GDPR offers an incredible incentive for the application of Blockchain in healthcare. Blockchain combines the application of public blockchains with trusted computing. This means that data can be stored off-chain away from the threats of intrusion, theft, and corruption. Additionally, the application of smart contracts and tokenization ensures that users are provided with full autonomy over their own data. Patients or other blockchain users are provided with the power to choose (i) who can access their data and (ii) who can use their data. Blockchain smart contracts also help in tracking usage and transfer of data to ensure that the data is used only for authorized purposes and resold only to authorized entities. Overall, Blockchain can enhance the monitoring of purpose and consent, subject to requesting access and requiring notification of breaches.
Despite the many benefits of blockchain in ensuring GDPR compliance, this move has generated an avalanche of criticism. One of the primary requirements of GDPR is the ability to fully erase data on request by the data subject. Given the immutability of blockchain ledgers, this is a nightmare for both users and health organizations, and perhaps one of the biggest hindrances for blockchain solutions being GDPR compliant.
To solve this issue we developed cryptographic hashes that allow the storage of encrypted hashes instead of ‘simply’ hashes of the actual data. This process will help solve the challenge of the “right to erasure” by protecting the data. Although the laws have not yet been changed, we can expect that new regulations will be more flexible to allow for technological advancement and innovation.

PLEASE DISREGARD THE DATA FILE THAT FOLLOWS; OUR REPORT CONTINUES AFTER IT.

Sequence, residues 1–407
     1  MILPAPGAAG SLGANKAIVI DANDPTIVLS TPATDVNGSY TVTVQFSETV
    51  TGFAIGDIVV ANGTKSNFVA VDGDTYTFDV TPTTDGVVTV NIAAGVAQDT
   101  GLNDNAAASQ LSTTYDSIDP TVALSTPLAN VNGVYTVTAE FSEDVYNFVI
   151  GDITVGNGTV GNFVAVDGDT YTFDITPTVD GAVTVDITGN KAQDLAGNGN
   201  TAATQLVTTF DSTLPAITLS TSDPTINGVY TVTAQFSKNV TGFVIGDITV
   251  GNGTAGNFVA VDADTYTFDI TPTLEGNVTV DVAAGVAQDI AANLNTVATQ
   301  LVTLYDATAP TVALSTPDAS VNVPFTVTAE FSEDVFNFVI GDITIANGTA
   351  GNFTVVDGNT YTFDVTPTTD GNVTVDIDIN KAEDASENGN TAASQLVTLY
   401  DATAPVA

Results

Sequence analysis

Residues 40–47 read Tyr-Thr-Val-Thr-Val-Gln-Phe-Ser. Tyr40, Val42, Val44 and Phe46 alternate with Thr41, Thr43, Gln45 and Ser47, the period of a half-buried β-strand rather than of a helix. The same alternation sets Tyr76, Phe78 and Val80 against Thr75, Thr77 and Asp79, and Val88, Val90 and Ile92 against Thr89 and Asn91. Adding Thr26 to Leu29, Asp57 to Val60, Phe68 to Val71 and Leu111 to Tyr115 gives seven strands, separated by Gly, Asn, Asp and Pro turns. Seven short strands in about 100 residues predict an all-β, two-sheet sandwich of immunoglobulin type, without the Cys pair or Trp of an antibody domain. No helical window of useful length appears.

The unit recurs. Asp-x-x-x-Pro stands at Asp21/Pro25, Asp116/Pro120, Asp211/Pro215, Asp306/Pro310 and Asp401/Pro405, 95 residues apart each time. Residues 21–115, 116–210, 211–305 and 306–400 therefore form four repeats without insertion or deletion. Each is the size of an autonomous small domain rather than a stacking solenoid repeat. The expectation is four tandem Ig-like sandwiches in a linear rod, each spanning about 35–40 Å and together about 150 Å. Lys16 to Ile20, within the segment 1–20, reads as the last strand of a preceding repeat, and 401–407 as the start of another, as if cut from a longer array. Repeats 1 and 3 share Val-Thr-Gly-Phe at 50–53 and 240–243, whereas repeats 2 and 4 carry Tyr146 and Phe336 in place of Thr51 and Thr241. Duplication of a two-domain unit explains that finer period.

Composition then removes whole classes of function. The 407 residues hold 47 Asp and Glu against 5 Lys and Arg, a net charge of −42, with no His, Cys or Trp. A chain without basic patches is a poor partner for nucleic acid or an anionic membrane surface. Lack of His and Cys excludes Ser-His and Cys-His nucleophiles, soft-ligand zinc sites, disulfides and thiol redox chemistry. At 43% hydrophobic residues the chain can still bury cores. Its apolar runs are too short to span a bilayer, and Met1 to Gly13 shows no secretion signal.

Pikcio has already built the secure, blockchain-based, GDPR compliant data ecosystem that saves time, reduces costs and increases customer satisfaction with any process that requires the collection, certification and exchange of personal data.
How GDPR will interact with U.S. laws remains to be determined. It is well known that the Health Insurance Portability and Accountability Act (HIPPA), a cornerstone of U.S. healthcare law, deals more with privacy rights and access than ownership of patient data. Ownership of data remains under the control of state law, in this case, 50 states with differing laws, court cases and interpretations of ownership of patient data. Only one state has enacted legislation stating that the patient owns its data, i.e., New Hampshire. This diverse ownership of patient data may be a latent issue that will surface over time as the ramifications of GDPR become better understood.
Current laws and regulations such as HIPAA in the U.S. and the GDPR in the EU provide a significant incentive for the application of blockchain powered solutions in healthcare. The technology offers a practical and credible way to ensure data retention obligations such as consent and access request. Although there often remain questions on issues of privacy and erasure, we at Pikcio strongly believe to have answered these issues and we’ll be moving rapidly to address any new challenges.
This article has been reviewed, corrected and written with the help of Thomas Gross, partner at The Cogent Law Firm.